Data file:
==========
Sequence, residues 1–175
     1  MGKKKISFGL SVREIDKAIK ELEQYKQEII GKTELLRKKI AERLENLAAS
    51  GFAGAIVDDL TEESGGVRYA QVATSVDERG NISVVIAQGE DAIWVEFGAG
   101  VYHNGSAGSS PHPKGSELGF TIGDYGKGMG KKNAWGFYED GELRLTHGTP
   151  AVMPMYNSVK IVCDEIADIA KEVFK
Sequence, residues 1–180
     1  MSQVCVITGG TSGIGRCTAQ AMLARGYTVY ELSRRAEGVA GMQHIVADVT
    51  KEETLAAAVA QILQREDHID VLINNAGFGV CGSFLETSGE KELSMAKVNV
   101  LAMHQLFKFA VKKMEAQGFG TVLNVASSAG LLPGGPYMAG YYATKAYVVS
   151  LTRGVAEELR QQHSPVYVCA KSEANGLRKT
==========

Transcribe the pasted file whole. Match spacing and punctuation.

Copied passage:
Sequence, residues 1–175
     1  MGKKKISFGL SVREIDKAIK ELEQYKQEII GKTELLRKKI AERLENLAAS
    51  GFAGAIVDDL TEESGGVRYA QVATSVDERG NISVVIAQGE DAIWVEFGAG
   101  VYHNGSAGSS PHPKGSELGF TIGDYGKGMG KKNAWGFYED GELRLTHGTP
   151  AVMPMYNSVK IVCDEIADIA KEVFK
Sequence, residues 1–180
     1  MSQVCVITGG TSGIGRCTAQ AMLARGYTVY ELSRRAEGVA GMQHIVADVT
    51  KEETLAAAVA QILQREDHID VLINNAGFGV CGSFLETSGE KELSMAKVNV
   101  LAMHQLFKFA VKKMEAQGFG TVLNVASSAG LLPGGPYMAG YYATKAYVVS
   151  LTRGVAEELR QQHSPVYVCA KSEANGLRKT